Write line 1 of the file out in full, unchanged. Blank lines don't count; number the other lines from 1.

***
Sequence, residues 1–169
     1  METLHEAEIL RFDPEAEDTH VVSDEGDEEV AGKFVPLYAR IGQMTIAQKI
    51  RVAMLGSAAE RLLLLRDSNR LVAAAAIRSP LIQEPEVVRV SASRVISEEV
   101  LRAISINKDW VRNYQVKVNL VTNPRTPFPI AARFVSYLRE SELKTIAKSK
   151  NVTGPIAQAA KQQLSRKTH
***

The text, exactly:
Sequence, residues 1–169